Buddhism is a family of beliefs and practices considered by most to be a religion and is based on the teachings attributed to Siddhartha Gautama, commonly known as “The Buddha” (the Awakened One), who was born in what is today Nepal. He lived and taught in the northeastern region of the Indian subcontinent and most likely died around 400 BCE in what is now modern India.
Buddhists recognize him as an awakened teacher who shared his insights to help sentient beings end their suffering by understanding the true nature of phenomena, thereby escaping the cycle of suffering and rebirth, that is, achieving Nirvana. Among the methods various schools of Buddhism apply towards this goal are: ethical conduct and altruistic behaviour, devotional practices, ceremonies and the invocation of bodhisattvas, renunciation of worldly matters, cultivating continuous mindfulness, meditation, physical exercises, study, and the cultivation of wisdom.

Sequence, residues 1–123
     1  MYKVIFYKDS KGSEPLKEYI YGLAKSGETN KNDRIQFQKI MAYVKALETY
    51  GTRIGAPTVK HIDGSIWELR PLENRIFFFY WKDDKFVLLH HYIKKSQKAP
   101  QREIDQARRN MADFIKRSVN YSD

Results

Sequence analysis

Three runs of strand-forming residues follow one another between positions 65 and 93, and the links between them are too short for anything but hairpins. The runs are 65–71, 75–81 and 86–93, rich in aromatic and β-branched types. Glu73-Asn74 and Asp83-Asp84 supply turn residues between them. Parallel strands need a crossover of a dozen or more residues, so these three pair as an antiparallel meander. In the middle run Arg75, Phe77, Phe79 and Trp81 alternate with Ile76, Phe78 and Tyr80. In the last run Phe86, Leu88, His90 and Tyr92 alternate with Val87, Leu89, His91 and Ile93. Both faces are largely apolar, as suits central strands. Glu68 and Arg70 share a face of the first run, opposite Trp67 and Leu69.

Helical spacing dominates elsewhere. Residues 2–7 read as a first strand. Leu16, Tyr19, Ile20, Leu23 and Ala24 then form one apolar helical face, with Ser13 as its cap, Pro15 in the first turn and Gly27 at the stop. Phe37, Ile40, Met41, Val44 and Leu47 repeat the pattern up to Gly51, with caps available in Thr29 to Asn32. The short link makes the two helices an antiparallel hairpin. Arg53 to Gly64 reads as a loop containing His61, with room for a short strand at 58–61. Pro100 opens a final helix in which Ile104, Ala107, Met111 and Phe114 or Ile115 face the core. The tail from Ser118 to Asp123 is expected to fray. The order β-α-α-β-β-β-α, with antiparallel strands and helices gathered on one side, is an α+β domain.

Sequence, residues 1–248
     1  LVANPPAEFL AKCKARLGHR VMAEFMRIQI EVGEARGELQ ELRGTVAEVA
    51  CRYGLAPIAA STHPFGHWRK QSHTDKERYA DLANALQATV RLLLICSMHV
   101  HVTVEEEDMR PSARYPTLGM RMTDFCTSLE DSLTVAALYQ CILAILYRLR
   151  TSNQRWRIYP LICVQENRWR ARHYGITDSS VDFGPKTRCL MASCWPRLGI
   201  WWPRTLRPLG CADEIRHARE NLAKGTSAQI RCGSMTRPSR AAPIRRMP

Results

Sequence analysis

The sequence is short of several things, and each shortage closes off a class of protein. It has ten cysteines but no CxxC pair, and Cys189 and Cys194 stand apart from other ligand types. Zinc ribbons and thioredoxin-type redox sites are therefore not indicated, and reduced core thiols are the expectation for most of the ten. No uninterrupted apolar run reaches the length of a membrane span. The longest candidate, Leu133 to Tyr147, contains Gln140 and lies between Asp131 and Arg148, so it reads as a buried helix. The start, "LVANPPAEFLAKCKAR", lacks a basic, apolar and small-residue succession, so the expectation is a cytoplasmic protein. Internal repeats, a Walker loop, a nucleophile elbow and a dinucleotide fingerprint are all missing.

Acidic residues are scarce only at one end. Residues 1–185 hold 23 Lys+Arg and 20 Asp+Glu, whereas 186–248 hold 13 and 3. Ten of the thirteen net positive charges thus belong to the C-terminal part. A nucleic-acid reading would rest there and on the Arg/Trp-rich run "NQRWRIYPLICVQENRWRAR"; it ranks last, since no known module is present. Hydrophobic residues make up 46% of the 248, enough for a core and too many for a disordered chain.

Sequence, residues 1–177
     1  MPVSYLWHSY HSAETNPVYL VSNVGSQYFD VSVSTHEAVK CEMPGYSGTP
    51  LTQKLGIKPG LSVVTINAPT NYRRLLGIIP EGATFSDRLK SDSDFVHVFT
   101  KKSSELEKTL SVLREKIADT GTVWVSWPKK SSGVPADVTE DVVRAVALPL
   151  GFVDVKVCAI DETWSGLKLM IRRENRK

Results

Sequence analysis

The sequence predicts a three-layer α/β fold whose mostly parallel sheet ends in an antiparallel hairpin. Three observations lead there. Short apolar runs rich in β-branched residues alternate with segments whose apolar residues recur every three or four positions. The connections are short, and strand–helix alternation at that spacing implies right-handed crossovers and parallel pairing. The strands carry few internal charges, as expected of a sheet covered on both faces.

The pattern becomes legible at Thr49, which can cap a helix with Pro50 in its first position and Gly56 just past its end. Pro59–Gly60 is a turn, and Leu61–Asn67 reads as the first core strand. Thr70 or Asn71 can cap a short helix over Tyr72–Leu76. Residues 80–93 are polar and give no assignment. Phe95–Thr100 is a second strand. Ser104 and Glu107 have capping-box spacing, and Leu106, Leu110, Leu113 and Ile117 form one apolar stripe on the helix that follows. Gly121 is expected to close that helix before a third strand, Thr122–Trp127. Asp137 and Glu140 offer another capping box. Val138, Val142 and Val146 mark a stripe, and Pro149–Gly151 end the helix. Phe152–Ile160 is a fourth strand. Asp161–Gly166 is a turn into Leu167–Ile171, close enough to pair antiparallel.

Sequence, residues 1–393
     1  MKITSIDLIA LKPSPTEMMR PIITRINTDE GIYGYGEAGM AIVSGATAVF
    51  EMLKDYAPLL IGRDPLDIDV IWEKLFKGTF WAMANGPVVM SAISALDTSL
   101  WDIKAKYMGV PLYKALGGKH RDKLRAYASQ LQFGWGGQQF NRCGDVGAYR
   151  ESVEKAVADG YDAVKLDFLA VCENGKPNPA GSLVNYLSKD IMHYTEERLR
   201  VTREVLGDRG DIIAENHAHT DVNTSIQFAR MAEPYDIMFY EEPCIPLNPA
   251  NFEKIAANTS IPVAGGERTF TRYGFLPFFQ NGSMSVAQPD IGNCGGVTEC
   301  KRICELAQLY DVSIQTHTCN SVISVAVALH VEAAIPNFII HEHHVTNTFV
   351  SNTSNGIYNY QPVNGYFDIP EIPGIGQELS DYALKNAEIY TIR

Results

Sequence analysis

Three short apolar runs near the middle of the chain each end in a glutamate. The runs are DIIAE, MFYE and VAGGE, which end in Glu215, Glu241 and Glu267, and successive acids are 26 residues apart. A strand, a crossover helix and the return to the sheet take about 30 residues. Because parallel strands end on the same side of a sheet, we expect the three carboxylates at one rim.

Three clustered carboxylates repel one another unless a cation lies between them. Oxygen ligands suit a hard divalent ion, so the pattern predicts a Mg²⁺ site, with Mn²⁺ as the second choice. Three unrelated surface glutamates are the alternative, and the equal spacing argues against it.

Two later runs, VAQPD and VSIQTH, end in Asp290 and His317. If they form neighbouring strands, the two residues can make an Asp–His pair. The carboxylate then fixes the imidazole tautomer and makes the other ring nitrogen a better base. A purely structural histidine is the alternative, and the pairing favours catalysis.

Buddhism is broadly recognized as being composed of two major branches:
- Theravada, which has a widespread following in Southeast Asia
- Mahayana (including Pure Land, Zen, Nichiren Buddhism, Shingon, Tibetan Buddhism and Tendai), found throughout East Asia. It should be noted that in some methods of classification, Vajrayana is considered a third branch.
While Buddhism remains most popular within these regions of Asia, both branches are now found throughout the world. Various sources put the number of Buddhists in the world between 230 million and 500 million.
The Bhavacakra or Wheel of Becoming is a symbolic representation of continuous existence proces in the form of a circle, used primarily in Tibetan Buddhism.